Marketing Ethics Social Media

Why bending the rules on social costs more than a fine

By Katy Howell | chief executive

immediate future


The Drum Network article

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February 21, 2018 | 5 min read

For years, the mantra touted by every social expert is that brands need to 'be transparent and honest' when engaging in social networks. But some companies deliberately flout this unwritten ethical understanding between a brand and its customer. In fact, there are still too many brands (and agencies) stretching and bending to rules of engagement.

The 'grey zone' of ethics on social media

The 'grey zone' of ethics on social media

At its most basic, these brands tread a fine line between faster rewards and risk of being found out. The issue is not just in getting caught and fined, but the likelihood of a consumer backlash, lost loyalty and a bitter taste of a brand reputation in tatters.

Fake news and alternative facts, alongside unscrupulous social practices now in the public eye, are drawing the attention of the lawyers. Consumer groups and watch dogs are scrutinising more and trusting less. This year the consequences will be felt by any brand that thinks it can sneak through dodgy marketing practices.

There are laws that pertain to marketing that have been in place for years. Most household brands adhere to those. But there is an unwritten contract between brand and consumer that is being broken too often by well-known companies.

Here are the ones to clean up immediately.

If you pay for it, then say it

Paying for influencers to promote you brand and to advertise your products is an acceptable (if not always useful) practice. However, it’s not acceptable if any post is not labelled as promotional. Brands must inform readers that content published in this way is ‘paid-for advertising’.

There are several regulatory bodies paying a lot of close attention to this issue now. The Competition and Markets Authority (CMA) have written an excellent open letter on the issue and you can get detailed guidance on the CAP Code website.

Some brands ignore the guidance. Maybe they hope it will go unnoticed as social is so noisy. The authorities are paying a lot more attention now though, and consumers are increasingly savvy in reporting infringements. Why gamble with your brand reputation? Just don’t do this.

Winners selected at 'random'

Most marketers are aware that they should not execute a social competition or prize draw that the Gambling Commission would deem an 'illegal lottery'. Hence we often add in a basic skill element to the competition to avoid the problem.

But some brands are breaking the acceptable parameters of a prize draw by not ‘quite’ randomly selecting winners. In fact, when you review the winners, you often find they are the entrants with the largest following or the greatest influence. A biased selection. It might be great for follow-up exposure, but it is unethical and if uncovered, will cost you in fines and outraged fans. You need to prove that the winners were picked at random, with verifiable data.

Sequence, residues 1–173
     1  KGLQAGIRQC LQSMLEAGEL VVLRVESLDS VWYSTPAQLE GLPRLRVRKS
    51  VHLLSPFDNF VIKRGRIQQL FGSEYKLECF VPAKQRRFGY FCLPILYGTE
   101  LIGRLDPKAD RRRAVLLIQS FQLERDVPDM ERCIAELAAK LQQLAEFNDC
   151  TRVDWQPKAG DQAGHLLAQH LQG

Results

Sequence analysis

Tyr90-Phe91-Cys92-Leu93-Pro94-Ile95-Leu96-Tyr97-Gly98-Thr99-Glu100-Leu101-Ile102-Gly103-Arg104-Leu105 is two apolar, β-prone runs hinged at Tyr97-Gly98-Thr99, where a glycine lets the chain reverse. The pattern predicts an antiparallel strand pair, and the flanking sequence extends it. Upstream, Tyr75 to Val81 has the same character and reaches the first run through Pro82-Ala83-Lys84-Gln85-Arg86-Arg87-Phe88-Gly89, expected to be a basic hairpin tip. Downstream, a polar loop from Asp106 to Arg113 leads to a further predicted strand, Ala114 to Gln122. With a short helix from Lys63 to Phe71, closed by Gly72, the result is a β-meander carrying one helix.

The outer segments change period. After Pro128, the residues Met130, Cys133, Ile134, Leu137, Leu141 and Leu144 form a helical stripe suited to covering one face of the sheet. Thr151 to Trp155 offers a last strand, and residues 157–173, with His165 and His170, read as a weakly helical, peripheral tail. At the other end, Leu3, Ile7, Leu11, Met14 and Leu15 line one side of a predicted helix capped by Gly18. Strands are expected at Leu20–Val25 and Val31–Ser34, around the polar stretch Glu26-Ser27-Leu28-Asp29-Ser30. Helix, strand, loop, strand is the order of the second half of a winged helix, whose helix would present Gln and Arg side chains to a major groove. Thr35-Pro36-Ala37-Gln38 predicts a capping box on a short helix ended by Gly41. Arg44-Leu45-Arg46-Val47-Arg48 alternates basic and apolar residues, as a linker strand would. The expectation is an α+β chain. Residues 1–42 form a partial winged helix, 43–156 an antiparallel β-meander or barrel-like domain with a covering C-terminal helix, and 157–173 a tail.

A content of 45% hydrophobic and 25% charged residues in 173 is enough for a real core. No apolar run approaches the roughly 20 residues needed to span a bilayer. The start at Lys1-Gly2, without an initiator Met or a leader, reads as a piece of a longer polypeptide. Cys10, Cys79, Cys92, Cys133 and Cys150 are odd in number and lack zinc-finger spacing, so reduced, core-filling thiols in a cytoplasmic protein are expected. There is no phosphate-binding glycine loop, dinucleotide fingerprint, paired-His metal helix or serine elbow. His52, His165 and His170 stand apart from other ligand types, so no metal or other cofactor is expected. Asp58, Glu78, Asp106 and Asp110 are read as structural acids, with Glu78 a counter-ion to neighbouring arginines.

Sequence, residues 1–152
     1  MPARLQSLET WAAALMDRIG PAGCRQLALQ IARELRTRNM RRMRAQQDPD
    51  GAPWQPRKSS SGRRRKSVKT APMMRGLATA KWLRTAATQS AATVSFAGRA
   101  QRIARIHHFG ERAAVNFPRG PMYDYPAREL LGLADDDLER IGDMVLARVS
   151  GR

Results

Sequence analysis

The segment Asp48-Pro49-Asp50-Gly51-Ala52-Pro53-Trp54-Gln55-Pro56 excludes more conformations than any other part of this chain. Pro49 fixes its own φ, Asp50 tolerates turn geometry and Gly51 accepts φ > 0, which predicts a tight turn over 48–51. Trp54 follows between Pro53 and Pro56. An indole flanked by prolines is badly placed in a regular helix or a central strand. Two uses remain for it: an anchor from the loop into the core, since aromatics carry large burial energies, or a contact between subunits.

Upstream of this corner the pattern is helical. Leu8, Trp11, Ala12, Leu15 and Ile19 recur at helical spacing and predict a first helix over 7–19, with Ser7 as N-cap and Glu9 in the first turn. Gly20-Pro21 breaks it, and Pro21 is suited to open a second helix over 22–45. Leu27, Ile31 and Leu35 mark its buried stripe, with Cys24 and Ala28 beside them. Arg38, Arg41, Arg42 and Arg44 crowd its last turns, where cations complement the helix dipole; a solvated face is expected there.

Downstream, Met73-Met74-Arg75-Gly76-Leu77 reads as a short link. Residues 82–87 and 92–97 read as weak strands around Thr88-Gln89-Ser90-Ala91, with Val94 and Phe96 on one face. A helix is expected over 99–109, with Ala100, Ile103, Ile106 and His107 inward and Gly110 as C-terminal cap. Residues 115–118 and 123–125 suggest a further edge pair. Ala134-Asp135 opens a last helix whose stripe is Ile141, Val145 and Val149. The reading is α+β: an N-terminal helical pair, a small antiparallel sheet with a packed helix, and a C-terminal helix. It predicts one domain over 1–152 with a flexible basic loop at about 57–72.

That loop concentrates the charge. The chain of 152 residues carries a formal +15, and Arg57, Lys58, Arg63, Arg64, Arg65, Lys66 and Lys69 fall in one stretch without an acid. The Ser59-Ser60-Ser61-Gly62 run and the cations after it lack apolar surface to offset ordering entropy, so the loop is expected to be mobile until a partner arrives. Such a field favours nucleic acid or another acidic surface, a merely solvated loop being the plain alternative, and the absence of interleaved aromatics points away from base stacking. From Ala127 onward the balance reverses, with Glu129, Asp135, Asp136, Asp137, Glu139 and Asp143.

Guys! You know the rules, stop pilfering content

Social is all about sharing and curating content. And it is good practice for brands to do the same. It makes you part of a community.

The line is clear though. Sharing a tweet through the networking app is fine. Lifting content is not. Plain and simple, it is theft.

With so many great visuals on Pinterest and Instagram some companies find it too tempting not to pinch an image or two. In some cases, brands have completely ripped-off creative ideas, publishing them on social or bringing them into real world products.

And it’s not just images. It can be campaign ideas, music or text. Even if you attribute the content, you are not clear of copyright infringement unless you have permission. Especially if you are a high-profile brand. And especially if you use the material for a promotion or to gain financially.

There are grey areas too. The ‘fair use’ laws are changing especially when it comes to sports. In 2018, this issue is going to get hotter. Even use of content for ideas where there is no clear distinction in the final output, is considered a breach of copyright. Don’t be tempted. Check. Get permission. Pay for your content.

I am not only advocating that companies know and adhere to the law on social media, I would suggest that there is a need to behave ethically too. Don’t bend the rules and hope to get away with it. Authorities, lawyers and your customers are wising-up. No marketer wants to see their brand dragged through courts or vilified on social media. Don’t do it.

Katy Howell is chief executive officer at social specialist agency Immediate Future

Marketing Ethics Social Media

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